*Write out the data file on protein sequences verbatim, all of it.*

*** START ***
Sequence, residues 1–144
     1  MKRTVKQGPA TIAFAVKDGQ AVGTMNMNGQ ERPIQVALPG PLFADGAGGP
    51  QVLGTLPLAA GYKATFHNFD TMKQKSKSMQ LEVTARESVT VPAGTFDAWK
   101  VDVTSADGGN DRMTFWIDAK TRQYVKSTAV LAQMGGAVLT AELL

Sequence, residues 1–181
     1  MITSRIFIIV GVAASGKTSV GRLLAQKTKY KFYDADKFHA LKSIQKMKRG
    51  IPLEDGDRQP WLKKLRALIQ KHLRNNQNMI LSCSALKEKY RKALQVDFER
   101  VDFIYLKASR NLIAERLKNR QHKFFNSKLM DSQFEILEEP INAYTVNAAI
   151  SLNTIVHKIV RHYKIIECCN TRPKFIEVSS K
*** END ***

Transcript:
Sequence, residues 1–144
     1  MKRTVKQGPA TIAFAVKDGQ AVGTMNMNGQ ERPIQVALPG PLFADGAGGP
    51  QVLGTLPLAA GYKATFHNFD TMKQKSKSMQ LEVTARESVT VPAGTFDAWK
   101  VDVTSADGGN DRMTFWIDAK TRQYVKSTAV LAQMGGAVLT AELL

Sequence, residues 1–181
     1  MITSRIFIIV GVAASGKTSV GRLLAQKTKY KFYDADKFHA LKSIQKMKRG
    51  IPLEDGDRQP WLKKLRALIQ KHLRNNQNMI LSCSALKEKY RKALQVDFER
   101  VDFIYLKASR NLIAERLKNR QHKFFNSKLM DSQFEILEEP INAYTVNAAI
   151  SLNTIVHKIV RHYKIIECCN TRPKFIEVSS K